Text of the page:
The surface chemistries of control populations of rhodamine-labeled and plain particles were rendered partially hydrophobic by chemically attaching linear hydrocarbon chains to their surfaces according to the following procedure. 0.6 g of silica particles were dispersed in 36 g of toluene (Sigma-Aldrich, St. Louis, Mo.) by means of ultrasonication (model 550 Sonic Dismembrator, Fisher Scientific, Pittsburgh, Pa.) for 30 s pulsed at a 1 second on/off cycle. 40 microliters of n-octyldimethylchlorosilane (Gelest, Morrisville, Pa.) was then added as a hydrophobic silane-coupling agent to the suspension drop-wise under vigorous stirring, followed by 80 microliters of triethylamine (Sigma-Aldrich, St. Louis, Mo.), which served as an acid scavenger to remove the reaction byproducts. The mixture was refluxed at approximately 55° C., while stirring for 15 hours. The hydrophobic particles were then washed by four cycles of centrifugation and redispersion in toluene, and subsequently dried at room temperature. These particles flocculated when suspended in polar carrier liquids, such as water and dimethylsulfoxide (DMSO, Sigma-Aldrich, St. Louis, Mo.), due to attractive interactions between their hydrophobic monolayers. Conversely, bare particles remained stable in these carrier liquids, due to repulsive electrostatic interactions.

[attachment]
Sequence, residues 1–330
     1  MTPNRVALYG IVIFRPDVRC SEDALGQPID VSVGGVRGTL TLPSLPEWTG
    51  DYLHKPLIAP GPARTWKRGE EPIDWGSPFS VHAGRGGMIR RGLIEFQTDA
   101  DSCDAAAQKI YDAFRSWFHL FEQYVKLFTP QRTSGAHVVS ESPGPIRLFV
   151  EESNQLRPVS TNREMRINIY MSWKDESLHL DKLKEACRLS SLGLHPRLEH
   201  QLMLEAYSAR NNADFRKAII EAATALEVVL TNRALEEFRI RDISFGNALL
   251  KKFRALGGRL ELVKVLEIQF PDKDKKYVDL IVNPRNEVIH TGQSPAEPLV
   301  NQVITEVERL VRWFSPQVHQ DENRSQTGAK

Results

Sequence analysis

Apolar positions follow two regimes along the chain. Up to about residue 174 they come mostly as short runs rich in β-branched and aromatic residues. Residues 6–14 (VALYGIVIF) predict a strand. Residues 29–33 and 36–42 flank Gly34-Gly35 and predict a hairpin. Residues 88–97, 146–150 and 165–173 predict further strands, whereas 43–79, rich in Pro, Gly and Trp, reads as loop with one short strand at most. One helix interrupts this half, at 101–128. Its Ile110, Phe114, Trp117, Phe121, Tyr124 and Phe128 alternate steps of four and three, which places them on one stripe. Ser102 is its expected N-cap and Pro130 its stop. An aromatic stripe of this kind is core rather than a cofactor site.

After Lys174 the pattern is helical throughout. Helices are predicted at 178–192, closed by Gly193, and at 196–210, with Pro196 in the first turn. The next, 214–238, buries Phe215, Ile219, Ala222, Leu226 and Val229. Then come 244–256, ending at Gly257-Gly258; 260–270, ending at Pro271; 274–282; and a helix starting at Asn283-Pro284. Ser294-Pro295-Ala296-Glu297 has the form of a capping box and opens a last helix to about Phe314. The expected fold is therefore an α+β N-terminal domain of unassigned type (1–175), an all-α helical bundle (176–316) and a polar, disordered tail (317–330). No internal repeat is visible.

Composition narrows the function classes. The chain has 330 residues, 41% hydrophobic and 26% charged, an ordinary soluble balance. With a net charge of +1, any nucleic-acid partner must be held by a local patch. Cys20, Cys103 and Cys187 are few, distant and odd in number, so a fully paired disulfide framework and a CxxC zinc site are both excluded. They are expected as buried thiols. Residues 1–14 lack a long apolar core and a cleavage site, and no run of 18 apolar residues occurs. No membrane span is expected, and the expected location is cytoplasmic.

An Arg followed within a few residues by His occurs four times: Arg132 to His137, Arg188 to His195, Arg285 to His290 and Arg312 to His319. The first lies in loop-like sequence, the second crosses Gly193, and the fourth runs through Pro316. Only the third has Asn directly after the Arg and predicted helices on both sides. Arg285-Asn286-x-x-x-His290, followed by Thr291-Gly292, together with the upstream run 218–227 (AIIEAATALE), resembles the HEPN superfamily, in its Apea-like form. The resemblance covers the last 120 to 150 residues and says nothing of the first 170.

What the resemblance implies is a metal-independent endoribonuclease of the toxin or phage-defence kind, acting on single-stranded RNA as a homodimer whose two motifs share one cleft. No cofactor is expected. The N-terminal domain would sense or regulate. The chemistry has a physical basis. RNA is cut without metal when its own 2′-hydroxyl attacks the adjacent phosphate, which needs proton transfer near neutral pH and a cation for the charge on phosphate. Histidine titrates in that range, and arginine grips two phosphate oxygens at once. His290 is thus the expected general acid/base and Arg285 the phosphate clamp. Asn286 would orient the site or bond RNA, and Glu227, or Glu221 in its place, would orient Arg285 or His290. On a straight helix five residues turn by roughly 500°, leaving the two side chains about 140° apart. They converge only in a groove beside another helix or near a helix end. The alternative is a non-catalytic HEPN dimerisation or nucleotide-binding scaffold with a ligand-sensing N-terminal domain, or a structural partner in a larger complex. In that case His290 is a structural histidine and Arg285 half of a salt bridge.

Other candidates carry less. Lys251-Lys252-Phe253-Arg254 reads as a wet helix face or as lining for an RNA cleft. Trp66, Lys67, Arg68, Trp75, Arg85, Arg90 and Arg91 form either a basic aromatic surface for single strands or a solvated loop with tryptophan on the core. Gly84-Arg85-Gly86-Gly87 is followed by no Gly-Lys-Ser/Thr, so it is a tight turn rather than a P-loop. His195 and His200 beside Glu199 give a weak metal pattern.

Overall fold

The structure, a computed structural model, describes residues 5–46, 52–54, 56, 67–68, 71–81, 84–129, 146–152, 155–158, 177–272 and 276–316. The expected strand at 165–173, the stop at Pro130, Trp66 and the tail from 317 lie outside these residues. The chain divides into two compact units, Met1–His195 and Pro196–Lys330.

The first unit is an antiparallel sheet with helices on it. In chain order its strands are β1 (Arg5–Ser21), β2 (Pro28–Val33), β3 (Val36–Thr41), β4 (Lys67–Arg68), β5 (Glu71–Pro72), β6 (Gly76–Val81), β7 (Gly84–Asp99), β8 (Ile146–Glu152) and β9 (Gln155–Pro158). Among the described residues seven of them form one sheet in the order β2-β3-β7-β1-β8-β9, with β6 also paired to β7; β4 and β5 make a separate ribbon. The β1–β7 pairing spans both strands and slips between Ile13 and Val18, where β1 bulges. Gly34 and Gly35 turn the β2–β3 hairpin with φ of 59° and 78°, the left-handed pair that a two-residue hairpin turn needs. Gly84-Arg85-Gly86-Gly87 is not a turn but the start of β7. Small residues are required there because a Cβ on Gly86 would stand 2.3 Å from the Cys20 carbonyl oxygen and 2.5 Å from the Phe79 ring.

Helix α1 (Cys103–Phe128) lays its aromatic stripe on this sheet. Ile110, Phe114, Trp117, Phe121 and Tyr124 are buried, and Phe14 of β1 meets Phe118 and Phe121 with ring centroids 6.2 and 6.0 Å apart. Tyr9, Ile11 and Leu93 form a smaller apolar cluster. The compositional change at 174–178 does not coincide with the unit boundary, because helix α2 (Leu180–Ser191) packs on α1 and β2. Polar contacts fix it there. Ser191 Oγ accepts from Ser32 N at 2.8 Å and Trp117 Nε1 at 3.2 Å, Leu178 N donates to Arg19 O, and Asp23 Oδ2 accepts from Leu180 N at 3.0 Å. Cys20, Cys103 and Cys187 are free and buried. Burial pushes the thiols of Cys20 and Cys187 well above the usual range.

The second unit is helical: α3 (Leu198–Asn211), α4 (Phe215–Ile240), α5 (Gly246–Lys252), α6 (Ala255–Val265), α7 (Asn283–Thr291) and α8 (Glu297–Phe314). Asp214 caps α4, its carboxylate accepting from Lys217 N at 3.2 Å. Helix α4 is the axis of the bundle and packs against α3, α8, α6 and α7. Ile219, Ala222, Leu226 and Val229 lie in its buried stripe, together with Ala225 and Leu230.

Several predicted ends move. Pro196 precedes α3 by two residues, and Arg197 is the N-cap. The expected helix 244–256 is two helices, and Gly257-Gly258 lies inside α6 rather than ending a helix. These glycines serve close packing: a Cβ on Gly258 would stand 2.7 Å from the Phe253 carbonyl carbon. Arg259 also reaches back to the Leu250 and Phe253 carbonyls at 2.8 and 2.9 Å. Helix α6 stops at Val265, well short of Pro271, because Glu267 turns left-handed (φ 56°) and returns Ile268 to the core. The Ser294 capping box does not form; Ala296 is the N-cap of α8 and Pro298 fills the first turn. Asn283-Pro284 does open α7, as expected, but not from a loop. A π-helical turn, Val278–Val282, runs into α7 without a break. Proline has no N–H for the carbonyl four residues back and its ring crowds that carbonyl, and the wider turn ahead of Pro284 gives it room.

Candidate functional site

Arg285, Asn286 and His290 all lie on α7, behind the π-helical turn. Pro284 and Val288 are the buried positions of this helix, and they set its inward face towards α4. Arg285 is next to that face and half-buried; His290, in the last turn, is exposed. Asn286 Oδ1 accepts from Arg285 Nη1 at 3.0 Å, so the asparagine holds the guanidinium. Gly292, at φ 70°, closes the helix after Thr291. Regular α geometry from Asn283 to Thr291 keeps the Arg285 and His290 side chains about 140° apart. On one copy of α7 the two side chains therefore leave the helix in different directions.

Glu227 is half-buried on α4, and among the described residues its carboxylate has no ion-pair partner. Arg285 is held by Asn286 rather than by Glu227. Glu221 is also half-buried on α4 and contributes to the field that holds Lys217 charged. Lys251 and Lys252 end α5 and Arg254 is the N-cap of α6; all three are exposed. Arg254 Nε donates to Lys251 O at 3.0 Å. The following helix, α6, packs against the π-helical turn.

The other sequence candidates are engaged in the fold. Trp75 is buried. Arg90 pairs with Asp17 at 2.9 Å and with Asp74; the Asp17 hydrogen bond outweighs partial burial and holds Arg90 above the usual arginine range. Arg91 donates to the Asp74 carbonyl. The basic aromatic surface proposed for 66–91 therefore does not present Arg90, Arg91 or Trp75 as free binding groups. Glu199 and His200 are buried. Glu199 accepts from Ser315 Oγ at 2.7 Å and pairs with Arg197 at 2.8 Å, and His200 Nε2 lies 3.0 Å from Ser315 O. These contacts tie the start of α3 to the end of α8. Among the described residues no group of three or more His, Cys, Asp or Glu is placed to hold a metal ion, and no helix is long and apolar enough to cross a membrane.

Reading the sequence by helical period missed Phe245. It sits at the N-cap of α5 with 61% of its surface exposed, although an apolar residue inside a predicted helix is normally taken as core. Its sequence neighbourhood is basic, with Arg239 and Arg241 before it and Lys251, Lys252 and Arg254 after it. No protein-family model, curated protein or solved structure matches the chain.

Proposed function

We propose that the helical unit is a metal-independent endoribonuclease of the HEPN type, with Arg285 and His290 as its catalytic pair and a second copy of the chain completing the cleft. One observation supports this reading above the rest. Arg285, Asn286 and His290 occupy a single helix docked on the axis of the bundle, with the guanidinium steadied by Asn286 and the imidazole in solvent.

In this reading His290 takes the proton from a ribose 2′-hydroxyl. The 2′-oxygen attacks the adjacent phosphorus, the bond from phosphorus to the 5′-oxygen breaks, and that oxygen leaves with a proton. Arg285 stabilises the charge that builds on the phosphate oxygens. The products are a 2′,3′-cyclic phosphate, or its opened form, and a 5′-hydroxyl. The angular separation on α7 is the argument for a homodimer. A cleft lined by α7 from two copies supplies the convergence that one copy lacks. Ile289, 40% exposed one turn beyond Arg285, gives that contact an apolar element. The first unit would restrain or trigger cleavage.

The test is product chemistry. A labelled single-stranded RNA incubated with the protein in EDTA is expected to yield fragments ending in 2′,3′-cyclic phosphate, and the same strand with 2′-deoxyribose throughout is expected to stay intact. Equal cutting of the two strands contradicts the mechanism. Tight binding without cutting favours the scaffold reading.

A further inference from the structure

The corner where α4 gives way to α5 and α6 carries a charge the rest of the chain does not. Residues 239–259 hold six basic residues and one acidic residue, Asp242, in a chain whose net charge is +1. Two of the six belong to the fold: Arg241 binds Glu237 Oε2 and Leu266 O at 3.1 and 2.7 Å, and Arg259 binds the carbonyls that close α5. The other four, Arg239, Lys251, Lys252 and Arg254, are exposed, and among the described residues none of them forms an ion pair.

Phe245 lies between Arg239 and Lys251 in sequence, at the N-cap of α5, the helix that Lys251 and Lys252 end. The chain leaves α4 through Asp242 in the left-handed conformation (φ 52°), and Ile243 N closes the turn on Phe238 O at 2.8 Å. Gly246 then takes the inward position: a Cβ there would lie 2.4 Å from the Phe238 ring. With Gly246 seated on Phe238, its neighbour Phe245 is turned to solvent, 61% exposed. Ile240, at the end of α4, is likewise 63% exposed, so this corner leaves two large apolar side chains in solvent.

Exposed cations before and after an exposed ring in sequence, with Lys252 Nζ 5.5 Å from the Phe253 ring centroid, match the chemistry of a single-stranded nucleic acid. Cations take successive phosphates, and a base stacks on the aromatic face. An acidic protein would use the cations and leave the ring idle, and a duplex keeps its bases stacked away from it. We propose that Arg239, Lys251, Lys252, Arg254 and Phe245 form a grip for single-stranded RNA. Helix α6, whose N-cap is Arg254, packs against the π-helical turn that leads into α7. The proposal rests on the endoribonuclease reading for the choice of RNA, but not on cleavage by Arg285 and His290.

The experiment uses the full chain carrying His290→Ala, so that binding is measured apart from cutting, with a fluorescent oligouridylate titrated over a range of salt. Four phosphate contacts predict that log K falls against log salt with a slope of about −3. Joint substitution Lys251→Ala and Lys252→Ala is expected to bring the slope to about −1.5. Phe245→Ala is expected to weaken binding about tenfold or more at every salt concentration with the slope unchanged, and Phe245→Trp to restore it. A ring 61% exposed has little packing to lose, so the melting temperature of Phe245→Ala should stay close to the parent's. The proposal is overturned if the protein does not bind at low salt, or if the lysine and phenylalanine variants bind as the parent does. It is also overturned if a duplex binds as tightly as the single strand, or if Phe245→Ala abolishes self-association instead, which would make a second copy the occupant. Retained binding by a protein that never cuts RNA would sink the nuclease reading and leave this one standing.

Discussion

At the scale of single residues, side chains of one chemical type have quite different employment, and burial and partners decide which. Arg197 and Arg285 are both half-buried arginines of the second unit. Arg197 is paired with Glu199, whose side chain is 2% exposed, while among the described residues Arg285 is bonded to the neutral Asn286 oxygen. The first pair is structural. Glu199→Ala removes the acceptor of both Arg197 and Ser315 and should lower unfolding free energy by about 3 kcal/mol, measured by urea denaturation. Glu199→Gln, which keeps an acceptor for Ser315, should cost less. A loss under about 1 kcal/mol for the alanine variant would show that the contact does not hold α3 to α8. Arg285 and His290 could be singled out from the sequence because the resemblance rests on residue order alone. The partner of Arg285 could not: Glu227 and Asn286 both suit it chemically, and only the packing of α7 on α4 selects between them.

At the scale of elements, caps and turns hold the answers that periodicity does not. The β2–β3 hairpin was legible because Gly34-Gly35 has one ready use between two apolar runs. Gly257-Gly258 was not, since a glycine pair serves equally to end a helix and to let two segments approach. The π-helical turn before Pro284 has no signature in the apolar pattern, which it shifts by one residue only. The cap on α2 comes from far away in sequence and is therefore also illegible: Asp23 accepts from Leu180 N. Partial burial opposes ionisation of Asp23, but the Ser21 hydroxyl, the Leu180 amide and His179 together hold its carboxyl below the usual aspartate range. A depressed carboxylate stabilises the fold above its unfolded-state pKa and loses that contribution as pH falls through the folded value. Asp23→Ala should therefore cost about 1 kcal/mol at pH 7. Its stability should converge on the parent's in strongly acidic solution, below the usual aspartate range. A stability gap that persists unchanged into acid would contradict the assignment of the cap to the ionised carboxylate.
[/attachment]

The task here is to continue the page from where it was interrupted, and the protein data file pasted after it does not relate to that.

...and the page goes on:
The silica microspheres were dispersed in the refractive index matching mixture of H2O—DMSO at a volumetric ratio of 1:3. Water pre-adjusted to pH 10.5 was found to minimize attractive interactions between the surface-modified and bare particles. To prepare the biphasic mixtures, the appropriate amounts of dry, surface-modified and bare particles, and the H2O—DMSO carrier liquid were mixed and sonicated (model 550 Sonic Dismembrator, Fisher Scientific) for 30 s at a 1 s on/off cycle. This sonication step was sufficient to break up the hydrophobic particle clusters, yielding a representative biphasic mixture at φatt=0.05, φrep=0.42 (where φatt and φrep denote the volume fractions of the surface-modified and bare particles, respectively).